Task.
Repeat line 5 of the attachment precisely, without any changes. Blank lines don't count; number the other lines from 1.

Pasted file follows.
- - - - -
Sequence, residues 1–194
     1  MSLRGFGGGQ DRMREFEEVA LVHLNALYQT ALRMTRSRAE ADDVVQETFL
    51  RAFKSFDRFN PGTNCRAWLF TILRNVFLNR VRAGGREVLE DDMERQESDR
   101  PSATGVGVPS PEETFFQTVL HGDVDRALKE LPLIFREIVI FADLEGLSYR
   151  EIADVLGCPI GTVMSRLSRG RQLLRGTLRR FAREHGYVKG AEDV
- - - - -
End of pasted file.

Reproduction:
   151  EIADVLGCPI GTVMSRLSRG RQLLRGTLRR FAREHGYVKG AEDV